I hope you enjoy it and - ideally - discover a new artist, band or composer to love.
(Quick digest for specialists - with my CDs of the year in bold type...)
- Classical: Ian Bostridge & Julius Drake, Alice Coote & Graham Johnson, Mark Padmore & Kristian Bezuidenhout, Adrienne Pieczonka & Brian Zeger, Rachel Podger, Jo Quail, Dorothea Röschmann & Mitsuko Uchida, Carolyn Sampson & Joseph Middleton, Andreas Staier.
- Rock / folk / other: Beirut, Calexico, John Carpenter, Clutch, Golden Void, Bert Jansch & John Renbourn, Myrkur, Sieben, Swans, Richard Thompson, Trembling Bells.
Beirut: "No No No"
Thrilled to see one of my favourite bands return in 2015, with a glorious, slight swerve of a record. Short, delicate and with less of the just-about-hinged clutter of some older material - here we get a focus on piano and drums. At times, both stately *and* slinky, as on this track, 'So Allowed'.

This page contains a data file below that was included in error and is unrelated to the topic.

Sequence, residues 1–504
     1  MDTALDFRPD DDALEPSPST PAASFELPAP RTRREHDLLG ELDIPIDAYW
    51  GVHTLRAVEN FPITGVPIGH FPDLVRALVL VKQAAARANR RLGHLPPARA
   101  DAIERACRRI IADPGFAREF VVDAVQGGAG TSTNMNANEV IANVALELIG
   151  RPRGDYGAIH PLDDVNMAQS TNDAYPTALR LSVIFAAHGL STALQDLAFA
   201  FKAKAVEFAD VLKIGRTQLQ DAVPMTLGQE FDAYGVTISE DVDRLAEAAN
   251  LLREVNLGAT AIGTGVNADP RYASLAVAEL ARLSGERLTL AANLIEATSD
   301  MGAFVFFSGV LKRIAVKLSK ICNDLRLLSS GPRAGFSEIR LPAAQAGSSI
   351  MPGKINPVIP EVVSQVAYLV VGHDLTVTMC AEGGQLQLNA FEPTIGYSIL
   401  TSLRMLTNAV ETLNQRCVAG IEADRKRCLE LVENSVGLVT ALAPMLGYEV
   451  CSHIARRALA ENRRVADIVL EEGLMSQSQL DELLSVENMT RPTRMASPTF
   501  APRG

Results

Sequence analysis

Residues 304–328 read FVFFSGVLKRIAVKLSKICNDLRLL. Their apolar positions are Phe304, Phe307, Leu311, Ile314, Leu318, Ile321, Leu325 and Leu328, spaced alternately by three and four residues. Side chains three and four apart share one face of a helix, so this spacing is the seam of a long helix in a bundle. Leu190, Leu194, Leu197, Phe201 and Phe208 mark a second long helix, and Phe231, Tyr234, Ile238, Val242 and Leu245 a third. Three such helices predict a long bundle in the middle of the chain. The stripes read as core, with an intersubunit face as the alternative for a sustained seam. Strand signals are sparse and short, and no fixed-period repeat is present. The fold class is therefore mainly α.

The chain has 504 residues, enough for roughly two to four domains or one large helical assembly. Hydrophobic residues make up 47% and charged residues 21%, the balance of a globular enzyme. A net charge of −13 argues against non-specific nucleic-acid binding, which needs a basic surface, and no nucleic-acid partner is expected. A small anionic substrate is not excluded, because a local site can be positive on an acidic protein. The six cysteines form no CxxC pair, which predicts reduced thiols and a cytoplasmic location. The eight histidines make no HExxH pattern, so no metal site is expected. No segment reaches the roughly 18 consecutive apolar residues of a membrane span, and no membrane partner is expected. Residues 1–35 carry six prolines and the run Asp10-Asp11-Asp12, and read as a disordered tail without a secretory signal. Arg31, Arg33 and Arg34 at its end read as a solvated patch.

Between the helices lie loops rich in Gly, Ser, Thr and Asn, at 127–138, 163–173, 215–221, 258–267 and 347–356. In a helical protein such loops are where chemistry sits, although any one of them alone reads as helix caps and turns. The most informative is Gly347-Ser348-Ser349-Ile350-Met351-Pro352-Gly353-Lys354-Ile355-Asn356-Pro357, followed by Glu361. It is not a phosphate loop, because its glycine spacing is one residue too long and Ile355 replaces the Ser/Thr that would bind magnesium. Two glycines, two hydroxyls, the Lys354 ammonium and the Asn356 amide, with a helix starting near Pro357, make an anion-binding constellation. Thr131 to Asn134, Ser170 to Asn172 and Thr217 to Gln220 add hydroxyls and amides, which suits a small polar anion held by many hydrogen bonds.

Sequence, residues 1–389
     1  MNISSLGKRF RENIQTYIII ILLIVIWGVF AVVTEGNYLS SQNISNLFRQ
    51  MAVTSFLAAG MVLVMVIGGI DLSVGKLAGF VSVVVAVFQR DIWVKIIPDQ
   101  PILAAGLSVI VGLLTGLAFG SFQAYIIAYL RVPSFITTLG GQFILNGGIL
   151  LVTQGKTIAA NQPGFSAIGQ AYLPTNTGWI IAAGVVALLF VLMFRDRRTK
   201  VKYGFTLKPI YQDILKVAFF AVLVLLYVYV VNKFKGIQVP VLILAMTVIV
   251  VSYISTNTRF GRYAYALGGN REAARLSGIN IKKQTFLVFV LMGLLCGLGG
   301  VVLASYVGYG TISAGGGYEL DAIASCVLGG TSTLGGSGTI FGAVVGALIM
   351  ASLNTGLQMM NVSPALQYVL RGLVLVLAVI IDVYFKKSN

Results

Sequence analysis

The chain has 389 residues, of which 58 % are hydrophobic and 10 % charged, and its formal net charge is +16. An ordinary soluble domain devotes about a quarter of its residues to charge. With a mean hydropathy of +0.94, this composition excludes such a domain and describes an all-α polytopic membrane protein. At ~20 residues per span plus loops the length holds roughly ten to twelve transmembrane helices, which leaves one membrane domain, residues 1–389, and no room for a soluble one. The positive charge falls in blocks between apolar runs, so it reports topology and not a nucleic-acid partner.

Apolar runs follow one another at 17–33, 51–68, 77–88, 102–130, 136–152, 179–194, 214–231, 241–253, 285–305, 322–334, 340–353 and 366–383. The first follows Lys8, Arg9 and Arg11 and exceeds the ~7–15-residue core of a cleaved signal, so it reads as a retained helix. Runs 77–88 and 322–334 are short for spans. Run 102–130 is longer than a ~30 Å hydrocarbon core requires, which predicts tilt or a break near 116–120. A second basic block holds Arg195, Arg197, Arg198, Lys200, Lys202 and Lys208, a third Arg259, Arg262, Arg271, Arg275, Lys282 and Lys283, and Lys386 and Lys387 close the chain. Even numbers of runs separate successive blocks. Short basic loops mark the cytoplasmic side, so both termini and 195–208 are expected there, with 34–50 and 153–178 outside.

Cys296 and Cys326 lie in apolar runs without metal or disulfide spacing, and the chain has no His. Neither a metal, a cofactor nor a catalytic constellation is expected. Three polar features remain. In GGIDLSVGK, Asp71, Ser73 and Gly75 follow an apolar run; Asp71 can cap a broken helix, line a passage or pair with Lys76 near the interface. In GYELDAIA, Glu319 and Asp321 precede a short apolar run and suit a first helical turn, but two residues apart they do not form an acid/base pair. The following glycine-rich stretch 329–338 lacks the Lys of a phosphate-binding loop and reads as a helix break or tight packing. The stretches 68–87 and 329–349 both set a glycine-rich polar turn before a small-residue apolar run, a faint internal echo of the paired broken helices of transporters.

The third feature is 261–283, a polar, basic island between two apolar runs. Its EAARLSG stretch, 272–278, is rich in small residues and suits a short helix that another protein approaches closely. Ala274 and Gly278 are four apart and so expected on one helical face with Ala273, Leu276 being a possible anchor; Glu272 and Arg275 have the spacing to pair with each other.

Ian Bostridge, Julius Drake: 'Songs by Schubert - 2'
The ongoing 'Schubert live at the Wigmore Hall' series from this duo continues to pay dividends with brilliant programming as well as performance. I thought the first CD was one of the great live albums in any genre, but this sequel has exhilarating moments even surpassing that, including a superb closing run featuring this track (Schubert riffing in his most sprightly fashion) along with 'Atys', 'Nachtviolen'... oh, just get it, it's fantastic. (I could only find a studio version of 'Fischerweise' to include here, but no matter!)
Calexico: 'Edge of the Sun'
Sometimes I feel a bit guilty for taking Calexico's scorched Americana for granted, but then they come along with the brilliant idea of adding the 'we-found-him-in-a-cave' whisper of their old mucker Iron & Wine's Sam Beam to their vocals on this track... and it reminds you how individual and precious they are. A lovely, but again slightly low-key album... I'm aware that really rating this and the Beirut record this year is almost certainly no coincidence.
John Carpenter: 'Lost Themes'